Center president Anila Umar says some refugees face complex needs, including post-war trauma, disabilities and chronic illnesses. She says that in those cases, travel loan payments should be deferred or the loans forgiven altogether.

“The majority of refugees aren’t using the full one year (of government benefits,) they’re actually working, they’re actually doing things. So for the ones that aren’t actually able to pay, they actually have real needs “Ulmar said.

In 2022, Canada will resettle 47,600 refugees, the largest number in the world, according to the International Organization for Migration, a United Nations agency. The trend continued in 2023, with another 51,000 refugees, according to Canada Immigration, Refugees and Citizenship Canada (IRCC).

The chief executive officer of Immigrant Services Calgary, an agency that helps newcomers get established in Calgary by connecting people to various services and programs, doesn’t believe the loans should be forgiven in specific cases, or for specific groups. Instead, Nawal Al-Busaidi would like to see adequate supports to establish refugees’ independence.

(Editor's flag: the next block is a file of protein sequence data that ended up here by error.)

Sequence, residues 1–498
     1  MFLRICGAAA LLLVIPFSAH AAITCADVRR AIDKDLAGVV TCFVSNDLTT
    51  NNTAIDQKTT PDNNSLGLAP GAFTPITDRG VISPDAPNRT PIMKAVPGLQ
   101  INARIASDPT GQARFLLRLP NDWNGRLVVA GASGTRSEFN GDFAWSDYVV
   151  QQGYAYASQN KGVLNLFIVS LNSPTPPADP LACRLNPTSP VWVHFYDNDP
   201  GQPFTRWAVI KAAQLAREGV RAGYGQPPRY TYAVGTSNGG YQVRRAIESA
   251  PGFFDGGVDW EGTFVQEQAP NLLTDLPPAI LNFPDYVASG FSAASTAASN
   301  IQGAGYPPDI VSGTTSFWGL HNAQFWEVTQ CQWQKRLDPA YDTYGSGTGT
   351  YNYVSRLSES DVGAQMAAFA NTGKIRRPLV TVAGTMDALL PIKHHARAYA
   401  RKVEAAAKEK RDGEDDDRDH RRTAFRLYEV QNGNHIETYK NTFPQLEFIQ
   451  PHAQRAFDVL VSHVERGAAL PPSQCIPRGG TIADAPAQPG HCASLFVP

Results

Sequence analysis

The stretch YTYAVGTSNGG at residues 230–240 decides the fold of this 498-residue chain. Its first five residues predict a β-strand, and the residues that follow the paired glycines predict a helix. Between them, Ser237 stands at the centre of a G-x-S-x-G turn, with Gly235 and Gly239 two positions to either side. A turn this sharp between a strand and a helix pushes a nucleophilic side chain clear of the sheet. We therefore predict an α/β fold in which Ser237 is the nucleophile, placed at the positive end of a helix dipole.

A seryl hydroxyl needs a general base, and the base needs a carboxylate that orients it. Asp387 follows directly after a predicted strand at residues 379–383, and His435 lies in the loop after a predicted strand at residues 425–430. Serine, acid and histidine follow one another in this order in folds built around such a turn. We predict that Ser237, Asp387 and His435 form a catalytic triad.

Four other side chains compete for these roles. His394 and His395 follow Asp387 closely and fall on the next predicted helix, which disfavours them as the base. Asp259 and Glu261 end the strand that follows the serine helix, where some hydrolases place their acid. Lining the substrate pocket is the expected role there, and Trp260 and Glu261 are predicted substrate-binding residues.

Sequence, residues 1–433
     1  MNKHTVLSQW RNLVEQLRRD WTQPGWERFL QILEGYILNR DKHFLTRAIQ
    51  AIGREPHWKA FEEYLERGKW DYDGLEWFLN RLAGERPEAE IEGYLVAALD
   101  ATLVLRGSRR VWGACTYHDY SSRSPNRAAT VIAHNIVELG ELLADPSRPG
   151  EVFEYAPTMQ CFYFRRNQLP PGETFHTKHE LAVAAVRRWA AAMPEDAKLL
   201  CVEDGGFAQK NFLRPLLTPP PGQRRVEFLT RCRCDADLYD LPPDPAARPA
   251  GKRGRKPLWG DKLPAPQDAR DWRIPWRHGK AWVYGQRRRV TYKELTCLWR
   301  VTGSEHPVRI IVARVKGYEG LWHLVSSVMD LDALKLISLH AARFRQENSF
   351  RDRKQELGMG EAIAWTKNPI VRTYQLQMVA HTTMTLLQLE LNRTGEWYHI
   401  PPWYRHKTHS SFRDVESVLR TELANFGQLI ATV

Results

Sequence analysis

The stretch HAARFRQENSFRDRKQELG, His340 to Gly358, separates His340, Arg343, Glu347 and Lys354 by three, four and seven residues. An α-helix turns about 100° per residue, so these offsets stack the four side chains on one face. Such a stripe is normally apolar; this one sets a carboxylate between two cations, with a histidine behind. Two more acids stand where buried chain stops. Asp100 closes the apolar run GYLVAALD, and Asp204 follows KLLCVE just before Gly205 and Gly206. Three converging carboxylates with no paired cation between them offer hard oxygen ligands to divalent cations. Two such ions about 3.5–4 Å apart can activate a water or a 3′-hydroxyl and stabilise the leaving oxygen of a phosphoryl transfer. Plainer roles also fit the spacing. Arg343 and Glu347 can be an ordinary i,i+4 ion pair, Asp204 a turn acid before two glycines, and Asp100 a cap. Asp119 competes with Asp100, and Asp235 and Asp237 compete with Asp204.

“By giving them accessibility to good opportunities, to jobs that are paid equally and equitably, I don’t believe that the loan should be forgiven. But if they are forgiven, they should be forgiven for everybody and not just one group and not the other,” said Al-Busaidi.

David Matas, an immigration and refugee lawyer and author based in Winnipeg, says there should be more flexibility in easing the burden on private and government-sponsored refugees.

He says private groups can sponsor only so many refugees before it impacts the number of people allowed to settle here. And he says government-sponsored refugees who face ongoing resettlement challenges should be given options to repay the money.